By Chung Ah-young
The Tony Award-winning musical ``Spring Awakening'' has a lot of things the Korean audience has never experienced before ― strong language, brief nudity and adult themes.
The powerful coming-of-age story, which has electrified the local musical scene, is a daring and expressionistic depiction of teenage self-discovery.
The musical has been the talk of the town among musical buffs and critics since opening at Doosan Art Center on July 4.
With a cast of Korean musical stars, the musical is based on Frank Wedekind's controversial German play of the same title, written in 1891, with music by Duncan Sheik and lyrics by Steven Sater.
The show deals with such taboo subjects as teenage pregnancy, sexual and physical abuse, and homosexuality. The original play was banned in Germany due to its portrayal of masturbation, abortion, rape and suicide.
The plot focuses on a group of teenagers coming of age and their questions and curiosity. Central to the story are Wendla (Kim Yu-young), a young girl whose curiosity about the mysteries of the body is stifled by her mother; Moritz (Cho Jung-seok), an intense young man kept awake at night by dreams he considers disturbing; and the extremely intelligent Melchior (Kim Mu-yeol), who assures Moritz his dreams are perfectly natural.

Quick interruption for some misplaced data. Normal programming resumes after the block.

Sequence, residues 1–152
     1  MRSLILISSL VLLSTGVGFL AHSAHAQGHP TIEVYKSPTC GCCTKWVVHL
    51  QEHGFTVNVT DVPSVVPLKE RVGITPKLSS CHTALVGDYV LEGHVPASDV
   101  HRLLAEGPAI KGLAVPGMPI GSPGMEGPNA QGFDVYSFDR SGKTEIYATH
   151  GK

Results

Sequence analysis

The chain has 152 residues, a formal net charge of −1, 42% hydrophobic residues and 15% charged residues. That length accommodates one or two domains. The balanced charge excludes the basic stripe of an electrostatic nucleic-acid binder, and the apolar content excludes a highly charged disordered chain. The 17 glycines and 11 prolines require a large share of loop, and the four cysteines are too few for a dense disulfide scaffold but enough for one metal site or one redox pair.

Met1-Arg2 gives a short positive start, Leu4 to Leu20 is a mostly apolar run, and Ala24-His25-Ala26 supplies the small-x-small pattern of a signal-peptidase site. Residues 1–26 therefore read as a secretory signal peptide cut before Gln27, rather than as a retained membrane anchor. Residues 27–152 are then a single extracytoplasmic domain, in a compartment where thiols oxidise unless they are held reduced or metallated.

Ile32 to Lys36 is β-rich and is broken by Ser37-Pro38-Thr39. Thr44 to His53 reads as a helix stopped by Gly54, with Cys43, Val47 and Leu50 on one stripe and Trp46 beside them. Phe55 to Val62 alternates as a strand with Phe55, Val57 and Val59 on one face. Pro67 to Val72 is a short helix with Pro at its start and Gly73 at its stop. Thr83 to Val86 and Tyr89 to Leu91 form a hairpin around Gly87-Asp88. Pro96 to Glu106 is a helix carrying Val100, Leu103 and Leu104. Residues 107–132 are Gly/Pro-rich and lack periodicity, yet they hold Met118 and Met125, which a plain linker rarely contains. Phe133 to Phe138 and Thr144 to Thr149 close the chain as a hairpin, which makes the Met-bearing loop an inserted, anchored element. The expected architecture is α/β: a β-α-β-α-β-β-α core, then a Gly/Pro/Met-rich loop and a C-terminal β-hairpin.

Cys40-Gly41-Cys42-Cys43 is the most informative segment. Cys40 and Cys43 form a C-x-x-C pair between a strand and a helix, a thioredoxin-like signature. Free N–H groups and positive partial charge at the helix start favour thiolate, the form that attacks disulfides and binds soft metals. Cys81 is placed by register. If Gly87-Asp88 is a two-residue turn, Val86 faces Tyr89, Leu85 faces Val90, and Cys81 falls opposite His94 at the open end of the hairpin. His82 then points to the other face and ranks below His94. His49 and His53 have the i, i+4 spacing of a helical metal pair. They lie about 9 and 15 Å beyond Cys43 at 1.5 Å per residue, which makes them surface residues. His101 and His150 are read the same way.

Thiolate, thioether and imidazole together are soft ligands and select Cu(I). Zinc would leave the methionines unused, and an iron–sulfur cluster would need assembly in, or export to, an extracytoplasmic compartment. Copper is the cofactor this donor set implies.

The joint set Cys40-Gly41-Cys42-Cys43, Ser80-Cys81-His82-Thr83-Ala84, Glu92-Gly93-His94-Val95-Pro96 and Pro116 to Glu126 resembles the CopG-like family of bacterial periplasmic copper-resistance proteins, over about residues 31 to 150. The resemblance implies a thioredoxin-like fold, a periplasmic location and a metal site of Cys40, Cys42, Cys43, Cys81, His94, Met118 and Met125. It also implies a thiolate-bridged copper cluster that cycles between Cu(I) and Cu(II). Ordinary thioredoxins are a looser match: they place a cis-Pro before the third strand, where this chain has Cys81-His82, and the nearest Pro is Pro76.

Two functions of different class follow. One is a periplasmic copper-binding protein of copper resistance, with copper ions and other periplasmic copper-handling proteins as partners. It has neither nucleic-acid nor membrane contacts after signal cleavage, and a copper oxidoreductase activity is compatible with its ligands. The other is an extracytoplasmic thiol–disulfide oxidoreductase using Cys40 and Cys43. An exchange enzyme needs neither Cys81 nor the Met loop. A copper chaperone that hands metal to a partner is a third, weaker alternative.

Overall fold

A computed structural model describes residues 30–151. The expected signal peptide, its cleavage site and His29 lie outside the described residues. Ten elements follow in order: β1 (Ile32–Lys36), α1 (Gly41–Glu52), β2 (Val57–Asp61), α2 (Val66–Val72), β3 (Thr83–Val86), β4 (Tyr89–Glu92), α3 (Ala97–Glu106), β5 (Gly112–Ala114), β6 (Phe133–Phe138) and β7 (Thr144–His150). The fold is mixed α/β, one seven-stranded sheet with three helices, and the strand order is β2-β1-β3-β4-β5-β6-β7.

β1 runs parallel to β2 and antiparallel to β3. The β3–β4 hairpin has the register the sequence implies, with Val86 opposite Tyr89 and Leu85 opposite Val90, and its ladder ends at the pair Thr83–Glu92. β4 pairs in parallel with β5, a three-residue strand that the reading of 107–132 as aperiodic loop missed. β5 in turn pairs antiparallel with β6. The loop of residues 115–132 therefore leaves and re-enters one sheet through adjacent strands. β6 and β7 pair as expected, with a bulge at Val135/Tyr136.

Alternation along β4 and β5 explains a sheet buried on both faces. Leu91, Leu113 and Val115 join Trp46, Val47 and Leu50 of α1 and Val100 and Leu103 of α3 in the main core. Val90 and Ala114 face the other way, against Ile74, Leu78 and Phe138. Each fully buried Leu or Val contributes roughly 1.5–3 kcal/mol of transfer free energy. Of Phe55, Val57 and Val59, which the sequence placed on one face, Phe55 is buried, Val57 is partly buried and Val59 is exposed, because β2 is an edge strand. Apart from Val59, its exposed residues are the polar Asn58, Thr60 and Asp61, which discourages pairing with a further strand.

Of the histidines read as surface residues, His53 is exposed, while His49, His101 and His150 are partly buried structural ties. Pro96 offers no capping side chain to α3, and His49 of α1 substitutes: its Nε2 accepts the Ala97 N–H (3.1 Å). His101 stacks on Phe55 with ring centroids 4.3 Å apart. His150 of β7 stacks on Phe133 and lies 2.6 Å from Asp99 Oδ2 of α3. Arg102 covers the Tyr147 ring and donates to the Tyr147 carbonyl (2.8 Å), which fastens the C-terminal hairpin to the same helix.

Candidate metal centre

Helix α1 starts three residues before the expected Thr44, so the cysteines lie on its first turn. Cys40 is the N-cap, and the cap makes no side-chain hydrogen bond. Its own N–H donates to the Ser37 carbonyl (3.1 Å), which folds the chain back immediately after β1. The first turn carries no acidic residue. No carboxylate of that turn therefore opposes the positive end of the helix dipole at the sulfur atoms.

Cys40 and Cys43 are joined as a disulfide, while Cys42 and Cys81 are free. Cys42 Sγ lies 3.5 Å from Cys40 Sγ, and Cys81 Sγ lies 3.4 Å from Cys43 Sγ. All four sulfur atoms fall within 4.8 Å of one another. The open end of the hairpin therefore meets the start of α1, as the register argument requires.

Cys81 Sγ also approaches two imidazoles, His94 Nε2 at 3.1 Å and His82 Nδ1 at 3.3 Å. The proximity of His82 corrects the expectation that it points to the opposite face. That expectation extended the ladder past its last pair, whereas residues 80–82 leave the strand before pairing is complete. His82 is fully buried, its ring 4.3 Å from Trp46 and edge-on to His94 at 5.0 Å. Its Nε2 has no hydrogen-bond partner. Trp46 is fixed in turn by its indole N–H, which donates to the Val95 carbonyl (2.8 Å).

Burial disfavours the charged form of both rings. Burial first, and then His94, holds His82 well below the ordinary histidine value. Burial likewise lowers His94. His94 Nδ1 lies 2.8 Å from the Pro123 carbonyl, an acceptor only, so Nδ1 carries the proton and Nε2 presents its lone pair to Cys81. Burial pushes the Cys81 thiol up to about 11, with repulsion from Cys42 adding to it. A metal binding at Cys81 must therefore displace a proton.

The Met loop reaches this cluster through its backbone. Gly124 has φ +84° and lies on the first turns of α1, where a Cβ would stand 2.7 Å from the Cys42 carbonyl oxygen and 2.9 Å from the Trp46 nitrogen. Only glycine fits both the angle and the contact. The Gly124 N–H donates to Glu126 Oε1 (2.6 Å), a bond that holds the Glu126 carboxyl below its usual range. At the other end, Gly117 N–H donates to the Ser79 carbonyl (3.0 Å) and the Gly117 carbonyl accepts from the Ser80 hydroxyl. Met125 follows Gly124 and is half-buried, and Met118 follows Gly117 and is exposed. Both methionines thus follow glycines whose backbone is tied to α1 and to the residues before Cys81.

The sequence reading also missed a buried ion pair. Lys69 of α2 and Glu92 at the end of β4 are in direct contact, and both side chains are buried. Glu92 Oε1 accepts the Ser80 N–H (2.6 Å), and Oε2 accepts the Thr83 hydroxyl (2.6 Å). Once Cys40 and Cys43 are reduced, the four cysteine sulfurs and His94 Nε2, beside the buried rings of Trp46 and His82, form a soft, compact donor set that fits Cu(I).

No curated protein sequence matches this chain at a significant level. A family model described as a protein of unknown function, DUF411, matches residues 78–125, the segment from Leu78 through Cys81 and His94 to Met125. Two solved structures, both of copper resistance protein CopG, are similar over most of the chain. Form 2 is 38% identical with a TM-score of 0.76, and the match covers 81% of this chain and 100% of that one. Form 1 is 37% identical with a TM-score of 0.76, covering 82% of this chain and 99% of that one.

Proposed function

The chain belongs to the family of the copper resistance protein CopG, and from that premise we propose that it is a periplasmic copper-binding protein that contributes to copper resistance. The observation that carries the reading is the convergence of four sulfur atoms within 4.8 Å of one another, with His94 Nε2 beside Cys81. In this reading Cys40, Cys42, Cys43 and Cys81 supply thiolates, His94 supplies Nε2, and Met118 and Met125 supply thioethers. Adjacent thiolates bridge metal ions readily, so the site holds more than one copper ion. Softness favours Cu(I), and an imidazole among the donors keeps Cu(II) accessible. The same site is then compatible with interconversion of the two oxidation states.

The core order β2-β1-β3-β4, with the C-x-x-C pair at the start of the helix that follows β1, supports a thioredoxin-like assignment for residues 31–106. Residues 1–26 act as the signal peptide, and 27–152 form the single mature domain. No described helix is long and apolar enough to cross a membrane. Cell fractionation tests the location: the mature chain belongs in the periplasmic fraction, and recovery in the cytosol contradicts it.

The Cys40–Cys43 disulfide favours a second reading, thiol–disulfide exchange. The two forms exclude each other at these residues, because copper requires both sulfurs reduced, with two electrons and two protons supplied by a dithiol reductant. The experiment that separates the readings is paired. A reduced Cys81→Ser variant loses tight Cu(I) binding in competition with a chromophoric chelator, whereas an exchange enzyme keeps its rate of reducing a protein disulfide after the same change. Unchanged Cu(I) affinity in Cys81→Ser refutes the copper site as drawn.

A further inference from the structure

One afternoon ― in a private place in the woods ― Melchior and Wendla meet by accident and soon find themselves dealing with new desires.
Meanwhile, Moritz flounders and fails out of school, to his father's contempt. When Moritz writes to Melchior's mother for money to flee to the United States, she tenderly rejects his request and instead promises to tell his parents not to discourage him. But he is left so distraught that he commits suicide.
Later, Wendla and Melchior meet in a stuffy hayloft and fall victim to their curiosity. As a result, Wendla gets pregnant and her mother forces her to have an abortion. Meanwhile, Melchior is sent to reform school by his parents.
Accompanied by a score based on alt-rock and pop, the musical is driven by the monologues of its characters, which depict their internal struggles through outspoken language rather than through dialogue.
Cho Jung-seok was pitch perfect in his portrayal of the nervous, timid and intense young Moritz, and often stole the spotlight.
The musical was electrifying in its use of visceral rock songs such as ``The Bitch of Living.'' Also, the show didn't hesitate to reveal partial nudity or hold back on sexual behavior.
At the same time, the musical masterfully revealed the inner struggles of its characters, a credit to the musical score and the actors' performances. The show's score is composed of contemporary styles despite the show's setting in 1890s Germany.
The musical is on stage at Doosan Art Center through Jan. 10, 2010. Tickets range from 40,000 won to 80,000 won. For more information, call (02) 744-4011.